We tested a finding by E. S. Robinson (1933) that people have a bias to turn right upon entering a building. We hypothesized that this bias is attributable to learning derived from traffic rules that specify driving on the right side of the road and that it also could be related to handedness. We tested participants in both the United States and England in a simple "T-maze" task in order to compare their directional preference. Handedness was the best predictor of participants' directional preference. However, U.S. participants also were statistically more likely to turn right than were English participants. The preference to turn right was not found to be significantly related to eye dominance or reading direction of the primary written language of the participant, although in the case of reading direction, the sample size of right-to-left readers was too small to be conclusive. The findings support that walking direction preference is an additive function of both learned driving patterns and genetic handedness. These findings have practical implications for the design of public spaces such as schools, businesses, and urban centers.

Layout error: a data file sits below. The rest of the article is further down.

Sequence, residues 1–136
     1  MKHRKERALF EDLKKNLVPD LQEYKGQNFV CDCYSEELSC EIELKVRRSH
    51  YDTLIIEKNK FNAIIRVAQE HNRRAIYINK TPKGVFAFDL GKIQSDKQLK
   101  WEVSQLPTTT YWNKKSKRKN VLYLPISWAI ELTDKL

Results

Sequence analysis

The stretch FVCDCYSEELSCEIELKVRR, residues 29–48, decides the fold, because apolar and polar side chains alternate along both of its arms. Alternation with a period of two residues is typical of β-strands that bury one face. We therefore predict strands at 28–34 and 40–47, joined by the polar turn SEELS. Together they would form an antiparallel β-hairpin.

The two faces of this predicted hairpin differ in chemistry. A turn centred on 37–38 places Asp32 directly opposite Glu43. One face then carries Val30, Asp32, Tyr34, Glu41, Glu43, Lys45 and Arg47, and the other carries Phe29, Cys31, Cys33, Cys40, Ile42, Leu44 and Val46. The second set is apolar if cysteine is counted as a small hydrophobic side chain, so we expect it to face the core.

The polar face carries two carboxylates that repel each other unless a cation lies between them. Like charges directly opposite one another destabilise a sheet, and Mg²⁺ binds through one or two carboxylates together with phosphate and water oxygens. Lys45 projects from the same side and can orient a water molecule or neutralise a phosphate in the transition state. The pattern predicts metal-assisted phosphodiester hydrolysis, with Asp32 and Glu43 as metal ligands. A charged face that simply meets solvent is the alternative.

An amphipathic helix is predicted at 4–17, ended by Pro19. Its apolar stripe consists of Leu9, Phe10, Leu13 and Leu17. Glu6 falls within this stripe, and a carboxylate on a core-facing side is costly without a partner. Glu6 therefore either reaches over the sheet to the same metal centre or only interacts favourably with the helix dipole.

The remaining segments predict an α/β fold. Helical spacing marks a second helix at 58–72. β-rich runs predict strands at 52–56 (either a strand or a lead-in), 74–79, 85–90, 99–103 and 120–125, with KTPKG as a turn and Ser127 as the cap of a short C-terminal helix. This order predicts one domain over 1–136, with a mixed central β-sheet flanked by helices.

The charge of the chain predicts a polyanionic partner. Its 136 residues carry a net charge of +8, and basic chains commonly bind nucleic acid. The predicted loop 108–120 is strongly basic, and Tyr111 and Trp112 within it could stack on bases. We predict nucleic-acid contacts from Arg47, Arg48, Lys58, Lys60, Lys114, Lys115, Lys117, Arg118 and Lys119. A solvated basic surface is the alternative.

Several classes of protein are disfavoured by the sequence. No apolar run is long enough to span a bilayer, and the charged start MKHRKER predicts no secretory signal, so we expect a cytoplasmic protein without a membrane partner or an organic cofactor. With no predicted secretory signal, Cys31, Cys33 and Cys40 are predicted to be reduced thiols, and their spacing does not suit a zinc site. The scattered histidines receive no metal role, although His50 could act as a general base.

|Original language||English (US)|
|Number of pages||9|
|State||Published - Jan 1 2002|
ASJC Scopus subject areas
- Human Factors and Ergonomics
- Applied Psychology
- Behavioral Neuroscience